Book Review: The Isle of Dogs: Before the Big Money by Mike Seaborne

Now home to Canary Wharf and global finance, the Isle of Dogs was once the beating heart of industrial East London. These photographs…

‘The Marshal Keate’ pub (demolished 1986), Preston’s Road, 1983

Now home to Canary Wharf and global finance, the Isle of Dogs was once the beating heart of industrial East London. These photographs, taken between 1982 and 1987, show the island just before the big money moved in and the area was forever transformed. Photographer Mike Seaborne documented the area, capturing the people who lived and worked in this area that was on the cusp of huge transformation.

Seaborne stumbled on the area by chance while he was photographing the river wharves closer to central London. He was struck by the charm of the area; the retained character of the traditional industry, homes and businesses in the area. From 1983–1986 Seaborne undertook an extensive photographic project to document the area prior to its redevelopment. He photographed streets and buildings, and also inside factories, schools, community centers and other social spaces. His purpose was to make a record of the Island before ‘big money’ moved in and transformed both the landscape and the people who lived and worked there. This project was undertaken in conjunction with the Island History Trust, an organization which helped collect and preserve the history of the Isle of Dogs.

Old entrance to Millwall Outer Dock, West Ferry Road, 1982
Geejay’s Solarium, corner of West Ferry Road and Ferry Street, 1985
Mudchute Park Amphitheatre, 1985
View north towards the Barkantine Estate from Montrose House, West Ferry Road, 1985
Islanders waiting for a boat to join the ‘Docklands Armada’, Cuba Street, 1985
Chapel House Street, 1984

This documentary project does a great job of capturing the essence of a place and its people. The Isle of Dogs provides a melancholy glimpse into a world that no longer exists. The shops with small bins of sorted vegetables, or understated displays of baked goods or tins were disappearing. The grocer, chemist, and butcher shops had been razed and replaced with supermarkets by the end of the decade. Electric typewriters, computers and modern reception areas are shown in Seaborne’s images of a new sugar refinery plant, and the Asda superstore — a stark contrast against scenes of toiling factory workers at Blythe Burrell Colours Ltd. Handwritten signage appears throughout the images in the book, chronicling the dissatisfaction of the impending crush of big business and ‘progress’ coming to the area. A sign declaring a ‘sold’ property has been edited to include ‘up the river’ as a social commentary to the plight the community experienced.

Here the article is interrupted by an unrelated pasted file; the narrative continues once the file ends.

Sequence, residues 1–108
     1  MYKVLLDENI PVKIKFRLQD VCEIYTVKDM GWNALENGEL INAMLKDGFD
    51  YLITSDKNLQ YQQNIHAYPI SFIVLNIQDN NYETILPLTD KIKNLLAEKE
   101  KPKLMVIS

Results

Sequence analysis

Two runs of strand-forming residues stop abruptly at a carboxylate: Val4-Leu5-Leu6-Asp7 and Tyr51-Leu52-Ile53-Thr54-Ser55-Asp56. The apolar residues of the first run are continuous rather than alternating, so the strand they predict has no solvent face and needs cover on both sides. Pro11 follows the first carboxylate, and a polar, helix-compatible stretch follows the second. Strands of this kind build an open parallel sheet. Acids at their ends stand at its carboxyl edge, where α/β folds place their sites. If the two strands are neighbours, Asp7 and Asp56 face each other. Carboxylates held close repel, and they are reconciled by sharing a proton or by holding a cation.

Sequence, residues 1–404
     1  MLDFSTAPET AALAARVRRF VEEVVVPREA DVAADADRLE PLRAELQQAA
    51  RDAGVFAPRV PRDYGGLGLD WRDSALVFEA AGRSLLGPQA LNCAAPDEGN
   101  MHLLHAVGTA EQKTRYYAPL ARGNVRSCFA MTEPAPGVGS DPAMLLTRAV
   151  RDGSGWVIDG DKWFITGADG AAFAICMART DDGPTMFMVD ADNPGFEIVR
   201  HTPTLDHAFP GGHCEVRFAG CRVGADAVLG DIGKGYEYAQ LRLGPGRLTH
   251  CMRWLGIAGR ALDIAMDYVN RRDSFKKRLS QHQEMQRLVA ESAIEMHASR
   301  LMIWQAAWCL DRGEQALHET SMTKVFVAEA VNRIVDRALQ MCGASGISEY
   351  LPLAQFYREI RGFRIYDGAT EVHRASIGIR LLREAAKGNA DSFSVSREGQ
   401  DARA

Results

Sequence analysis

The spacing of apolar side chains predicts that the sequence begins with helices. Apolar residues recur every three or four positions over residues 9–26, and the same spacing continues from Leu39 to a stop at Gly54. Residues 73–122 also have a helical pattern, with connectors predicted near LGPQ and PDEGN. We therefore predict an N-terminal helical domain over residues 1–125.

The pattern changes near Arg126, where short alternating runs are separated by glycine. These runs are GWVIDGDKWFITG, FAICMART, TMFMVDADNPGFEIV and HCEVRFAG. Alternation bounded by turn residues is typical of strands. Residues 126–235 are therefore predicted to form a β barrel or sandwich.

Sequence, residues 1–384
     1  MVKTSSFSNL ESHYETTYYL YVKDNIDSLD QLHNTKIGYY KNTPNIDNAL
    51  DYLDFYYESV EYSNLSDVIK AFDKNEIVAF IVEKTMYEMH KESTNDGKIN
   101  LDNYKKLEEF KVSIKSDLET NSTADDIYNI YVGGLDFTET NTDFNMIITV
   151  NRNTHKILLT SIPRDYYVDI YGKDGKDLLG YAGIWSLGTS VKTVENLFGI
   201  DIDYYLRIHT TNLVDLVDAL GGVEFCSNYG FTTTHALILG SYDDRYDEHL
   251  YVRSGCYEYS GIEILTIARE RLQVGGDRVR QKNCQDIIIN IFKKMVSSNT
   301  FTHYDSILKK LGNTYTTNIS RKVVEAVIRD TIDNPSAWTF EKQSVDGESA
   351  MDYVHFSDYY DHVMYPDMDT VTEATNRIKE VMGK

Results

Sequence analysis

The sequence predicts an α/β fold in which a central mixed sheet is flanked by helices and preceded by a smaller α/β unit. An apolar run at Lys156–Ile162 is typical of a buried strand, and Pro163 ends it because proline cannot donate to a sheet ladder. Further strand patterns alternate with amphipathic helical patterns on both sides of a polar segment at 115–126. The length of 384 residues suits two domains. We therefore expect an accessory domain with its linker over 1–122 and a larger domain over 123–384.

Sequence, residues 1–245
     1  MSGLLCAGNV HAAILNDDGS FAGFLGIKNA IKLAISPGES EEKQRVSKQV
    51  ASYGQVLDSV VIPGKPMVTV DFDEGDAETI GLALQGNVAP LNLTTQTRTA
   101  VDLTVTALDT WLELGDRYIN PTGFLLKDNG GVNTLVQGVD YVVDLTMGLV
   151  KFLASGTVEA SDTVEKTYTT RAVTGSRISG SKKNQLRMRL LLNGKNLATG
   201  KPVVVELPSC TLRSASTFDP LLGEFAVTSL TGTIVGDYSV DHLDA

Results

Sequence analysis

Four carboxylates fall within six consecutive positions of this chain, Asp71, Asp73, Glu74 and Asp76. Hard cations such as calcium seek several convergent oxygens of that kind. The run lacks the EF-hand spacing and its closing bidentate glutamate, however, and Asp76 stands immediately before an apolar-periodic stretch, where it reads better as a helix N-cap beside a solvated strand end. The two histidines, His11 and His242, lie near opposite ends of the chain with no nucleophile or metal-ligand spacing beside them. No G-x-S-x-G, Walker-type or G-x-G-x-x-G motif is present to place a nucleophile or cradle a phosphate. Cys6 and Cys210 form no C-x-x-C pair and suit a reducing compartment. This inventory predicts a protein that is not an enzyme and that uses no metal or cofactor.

It is somewhat sad to see the scenario played out; the paradox of the required death of an established community to usher in improvement. Change is inevitable, but as one member of the Island History Trust says in the book’s introduction, “the end was undignified”. Seaborne’s photos however, give dignity and honor to the people he photographed. The social fabric of the area will not be lost due to his creative endeavors, and the Isle of Dogs will live on.

‘The Isle of Dogs: Before the Big Money’ by Mike Seaborne
With an introduction by eminent author Ken Worpole
192pp, cloth spine, 156mm x 196mm

Available for purchase from Hoxton Mini Press, publisher of the ‘Vintage Britain’ series of beautiful, collectible books celebrating the recent history of these isles through rather nice photography.

Since 1979 Mike Seaborne has been photographing London with a specific interest in its changing urban landscapes. Until 2012 he was Curator of Photographs at the Museum of London. His work has been shown internationally and appears in major collections including at the Tate and Historic England. You can find out more about him and his photography at

Images shown are courtesy Hoxton Mini Press, © Mike Seaborne

Originally published at F-Stop Magazine.